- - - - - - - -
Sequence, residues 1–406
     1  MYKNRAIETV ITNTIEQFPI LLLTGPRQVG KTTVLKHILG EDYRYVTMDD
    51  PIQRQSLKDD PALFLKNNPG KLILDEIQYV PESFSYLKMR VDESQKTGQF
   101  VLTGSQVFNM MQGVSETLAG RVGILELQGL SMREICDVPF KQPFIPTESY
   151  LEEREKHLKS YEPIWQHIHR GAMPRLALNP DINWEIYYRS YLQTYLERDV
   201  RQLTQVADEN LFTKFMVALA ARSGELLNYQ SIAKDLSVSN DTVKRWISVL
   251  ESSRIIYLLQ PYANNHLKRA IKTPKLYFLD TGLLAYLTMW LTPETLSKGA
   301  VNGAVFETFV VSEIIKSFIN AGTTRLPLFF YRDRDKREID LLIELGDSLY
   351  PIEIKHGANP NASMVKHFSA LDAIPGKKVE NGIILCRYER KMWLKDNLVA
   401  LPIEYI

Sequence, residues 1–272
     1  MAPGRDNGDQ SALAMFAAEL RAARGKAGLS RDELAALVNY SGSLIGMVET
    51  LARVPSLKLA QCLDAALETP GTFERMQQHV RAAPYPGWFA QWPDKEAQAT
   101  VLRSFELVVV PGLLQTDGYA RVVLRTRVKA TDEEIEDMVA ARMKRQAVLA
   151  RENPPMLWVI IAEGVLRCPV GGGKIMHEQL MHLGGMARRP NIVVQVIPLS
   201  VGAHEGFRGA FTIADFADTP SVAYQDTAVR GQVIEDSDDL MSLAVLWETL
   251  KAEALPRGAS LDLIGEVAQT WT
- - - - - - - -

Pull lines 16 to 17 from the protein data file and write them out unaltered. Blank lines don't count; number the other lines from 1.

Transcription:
   201  VGAHEGFRGA FTIADFADTP SVAYQDTAVR GQVIEDSDDL MSLAVLWETL
   251  KAEALPRGAS LDLIGEVAQT WT